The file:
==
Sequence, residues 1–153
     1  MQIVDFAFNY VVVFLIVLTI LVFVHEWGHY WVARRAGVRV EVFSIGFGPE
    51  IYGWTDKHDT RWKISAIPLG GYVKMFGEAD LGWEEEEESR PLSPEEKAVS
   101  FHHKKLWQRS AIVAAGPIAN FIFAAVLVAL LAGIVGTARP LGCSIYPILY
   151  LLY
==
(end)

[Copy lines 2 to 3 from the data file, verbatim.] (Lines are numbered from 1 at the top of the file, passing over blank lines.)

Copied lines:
     1  MQIVDFAFNY VVVFLIVLTI LVFVHEWGHY WVARRAGVRV EVFSIGFGPE
    51  IYGWTDKHDT RWKISAIPLG GYVKMFGEAD LGWEEEEESR PLSPEEKAVS